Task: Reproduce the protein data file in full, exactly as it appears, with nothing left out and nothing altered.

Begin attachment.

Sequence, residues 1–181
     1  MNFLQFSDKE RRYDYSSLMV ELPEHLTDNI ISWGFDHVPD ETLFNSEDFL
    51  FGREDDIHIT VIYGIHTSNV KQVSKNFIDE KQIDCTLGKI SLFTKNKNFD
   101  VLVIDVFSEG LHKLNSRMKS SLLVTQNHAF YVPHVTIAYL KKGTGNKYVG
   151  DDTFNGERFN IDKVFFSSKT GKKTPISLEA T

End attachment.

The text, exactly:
Sequence, residues 1–181
     1  MNFLQFSDKE RRYDYSSLMV ELPEHLTDNI ISWGFDHVPD ETLFNSEDFL
    51  FGREDDIHIT VIYGIHTSNV KQVSKNFIDE KQIDCTLGKI SLFTKNKNFD
   101  VLVIDVFSEG LHKLNSRMKS SLLVTQNHAF YVPHVTIAYL KKGTGNKYVG
   151  DDTFNGERFN IDKVFFSSKT GKKTPISLEA T